Every day of the year, something exciting, notable, or just downright strange has happened in Alabama history.
Scroll down and check out what happened THIS week.
February 27, 1901
The state legislature created the Alabama Department of Archives and History (ADAH), the nation’s first publicly-funded state archives agency. Founded to foster an interest in Alabama history and to preserve and make historical records and artifacts accessible, the department initially displayed its collections in the Senate chamber before moving to its permanent location in 1940. The agency maintains more than 50,000 cubic feet of archival materials and over 1 million artifacts. In 2014, ADAH opened Alabama Voices, the centerpiece exhibition in the Museum of Alabama, which tells the story of Alabama from prehistory to present.
February 28, 1953
The nation’s first black agriculture extension agent, Thomas Monroe Campbell, retired from the USDA after forty-seven years of service. A student of George Washington Carver at the Tuskegee Institute, Campbell managed projects such as Tuskegee’s Movable School of Agriculture to improve the economic conditions of black farmers throughout the South. Campbell worked through both world wars and the Great Depression, often rejecting college administrative positions and fellowships to stay with the extension service. In 1930, Campbell won the first and only Harmon Award presented for distinguished achievement in the field of farming and rural life.
March 1, 1948
The Voters and Veterans Association of Mobile sued in federal court on behalf of ten African American plaintiffs against the Boswell Amendment to the Alabama Constitution. Designed to prevent blacks from voting, the amendment required all potential voters to understand and explain any part of the US Constitution to the satisfaction of local registrars before registering to vote. A panel of three US District Court judges heard the suit, known as Davis v. Schnell, and in January 1949, declared the Boswell Amendment unconstitutional. In 1951, however, the Alabama legislature adopted new voter qualification laws that stood until the passage of the Voting Rights Act in 1965.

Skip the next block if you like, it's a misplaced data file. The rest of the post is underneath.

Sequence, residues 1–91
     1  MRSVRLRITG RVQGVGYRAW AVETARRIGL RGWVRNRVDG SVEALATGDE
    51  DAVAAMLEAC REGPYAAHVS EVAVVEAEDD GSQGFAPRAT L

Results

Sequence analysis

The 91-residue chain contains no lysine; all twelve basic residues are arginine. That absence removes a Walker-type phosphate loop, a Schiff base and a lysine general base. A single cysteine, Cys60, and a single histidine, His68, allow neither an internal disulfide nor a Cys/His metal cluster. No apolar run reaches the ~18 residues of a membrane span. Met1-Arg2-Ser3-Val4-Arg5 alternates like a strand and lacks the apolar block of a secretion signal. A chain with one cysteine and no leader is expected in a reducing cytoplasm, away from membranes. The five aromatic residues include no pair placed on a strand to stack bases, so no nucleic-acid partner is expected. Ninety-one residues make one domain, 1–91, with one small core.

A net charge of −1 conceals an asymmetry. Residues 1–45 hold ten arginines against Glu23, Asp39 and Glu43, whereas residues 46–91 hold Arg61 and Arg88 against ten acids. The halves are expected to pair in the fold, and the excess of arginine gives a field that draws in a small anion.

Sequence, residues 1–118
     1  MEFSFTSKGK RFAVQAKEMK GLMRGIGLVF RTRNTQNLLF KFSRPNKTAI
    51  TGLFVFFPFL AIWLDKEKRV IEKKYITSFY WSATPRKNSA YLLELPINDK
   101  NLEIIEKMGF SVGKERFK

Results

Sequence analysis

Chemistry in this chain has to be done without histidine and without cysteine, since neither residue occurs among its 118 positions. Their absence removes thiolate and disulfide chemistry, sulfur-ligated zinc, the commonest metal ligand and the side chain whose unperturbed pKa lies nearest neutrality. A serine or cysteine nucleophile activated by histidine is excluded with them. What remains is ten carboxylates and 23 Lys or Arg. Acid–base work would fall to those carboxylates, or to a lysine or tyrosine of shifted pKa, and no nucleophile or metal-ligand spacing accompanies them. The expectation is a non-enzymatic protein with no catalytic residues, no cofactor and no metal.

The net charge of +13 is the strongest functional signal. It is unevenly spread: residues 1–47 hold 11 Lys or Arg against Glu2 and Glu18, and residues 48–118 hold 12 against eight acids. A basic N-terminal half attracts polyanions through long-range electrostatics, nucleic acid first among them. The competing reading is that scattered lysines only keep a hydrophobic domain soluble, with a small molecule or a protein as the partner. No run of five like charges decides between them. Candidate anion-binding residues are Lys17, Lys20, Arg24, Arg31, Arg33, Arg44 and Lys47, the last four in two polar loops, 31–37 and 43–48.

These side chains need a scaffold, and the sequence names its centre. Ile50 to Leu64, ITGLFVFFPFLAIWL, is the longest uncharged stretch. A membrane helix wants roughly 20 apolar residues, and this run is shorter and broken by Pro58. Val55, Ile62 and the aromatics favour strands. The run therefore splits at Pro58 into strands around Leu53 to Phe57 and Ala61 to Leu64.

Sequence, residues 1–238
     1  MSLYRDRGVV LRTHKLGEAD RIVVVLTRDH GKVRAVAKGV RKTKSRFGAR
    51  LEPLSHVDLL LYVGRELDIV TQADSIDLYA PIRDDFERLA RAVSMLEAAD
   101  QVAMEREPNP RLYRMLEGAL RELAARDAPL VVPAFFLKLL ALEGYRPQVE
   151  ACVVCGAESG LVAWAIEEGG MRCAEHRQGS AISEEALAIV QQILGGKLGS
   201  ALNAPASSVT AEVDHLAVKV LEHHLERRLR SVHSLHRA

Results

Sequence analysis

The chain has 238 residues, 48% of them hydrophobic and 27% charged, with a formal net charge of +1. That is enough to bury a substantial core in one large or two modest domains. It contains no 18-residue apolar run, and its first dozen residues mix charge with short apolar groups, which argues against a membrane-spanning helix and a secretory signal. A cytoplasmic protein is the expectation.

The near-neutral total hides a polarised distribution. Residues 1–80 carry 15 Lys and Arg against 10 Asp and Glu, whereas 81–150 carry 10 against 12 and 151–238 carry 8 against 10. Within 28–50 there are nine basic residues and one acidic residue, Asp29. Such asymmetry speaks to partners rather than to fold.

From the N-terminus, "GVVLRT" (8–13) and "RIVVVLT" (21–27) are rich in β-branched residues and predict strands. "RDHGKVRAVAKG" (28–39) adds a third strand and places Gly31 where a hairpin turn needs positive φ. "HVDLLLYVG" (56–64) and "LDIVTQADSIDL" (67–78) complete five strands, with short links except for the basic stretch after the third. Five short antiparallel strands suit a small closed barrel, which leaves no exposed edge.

March 2, 1899
Attorney Clifford Durr was born in Montgomery. Best known for his work defending clients accused of breaking the federal loyalty oath program during the McCarthy Era, Durr became entangled in conflicts related to the “Red Scare” with his wife, activist Virginia Foster Durr, while living in Washington, DC. After losing the majority of his white clients due to the negative publicity related to the conflicts, Durr focused the remainder of his career on representing clients in civil rights cases. In 1955, Durr assisted attorney Fred Gray in representing Rosa Parks as she challenged the city’s segregated bus seating.
March 3, 1817
Congress created the Alabama Territory from the eastern half of the Mississippi Territory in an effort to appease southern legislators wanting to create two new slave states instead of one. Passed two days after allowing Mississippi to form its own government, the act gave Alabama the authority to create a legislature and court in the capital of St. Stephens and allowed President James Monroe to appoint a governor, a position soon given to William Wyatt Bibb from Georgia. The act did not become official, however, until Mississippi adopted a constitution and government, which occurred on August 15, 1817.
March 4, 1881
Author T. S. Stribling was born in Tennessee. Although raised in Tennessee, Stribling spent many of his boyhood summers in Lauderdale County and attended the University of North Alabama in Florence. The author of sixteen novels, Stribling is best known for his Vaiden Trilogy set in antebellum Florence, and earned international praise for his portrayal of racial relations in the South, including the 1930 Pulitzer Prize for The Store. Residents of Florence, however, reacted less favorably—banning his books from local libraries and considering filing a lawsuit for libel. Stribling was posthumously inducted into the Alabama Writers Hall of Fame in 2016.
March 5, 1931
The state legislature confirmed Samuel Minturn Peck as Alabama’s first poet laureate. A native of Tuscaloosa, Peck studied languages and literature at Columbia University and published his first volume of poetry, Caps and Bells, to great success in 1886. Known for simple, easy-to-understand poems in the style of vers de société, Peck published seven volumes of poetry, but never received critical acclaim. Many of Peck’s poems, including “The Grapevine Swing,” were set to music by various composers. Nominated for the position of poet laureate by the Alabama Writers Conclave, Peck served until his death in 1938.